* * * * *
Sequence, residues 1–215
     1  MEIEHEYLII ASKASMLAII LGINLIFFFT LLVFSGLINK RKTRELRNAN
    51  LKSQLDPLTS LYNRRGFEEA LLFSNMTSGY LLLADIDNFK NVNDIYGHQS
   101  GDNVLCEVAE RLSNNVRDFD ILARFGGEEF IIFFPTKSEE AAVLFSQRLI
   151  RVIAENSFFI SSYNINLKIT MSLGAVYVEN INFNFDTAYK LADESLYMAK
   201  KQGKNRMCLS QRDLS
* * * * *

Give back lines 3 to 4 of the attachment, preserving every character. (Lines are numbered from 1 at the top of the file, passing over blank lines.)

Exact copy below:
    51  LKSQLDPLTS LYNRRGFEEA LLFSNMTSGY LLLADIDNFK NVNDIYGHQS
   101  GDNVLCEVAE RLSNNVRDFD ILARFGGEEF IIFFPTKSEE AAVLFSQRLI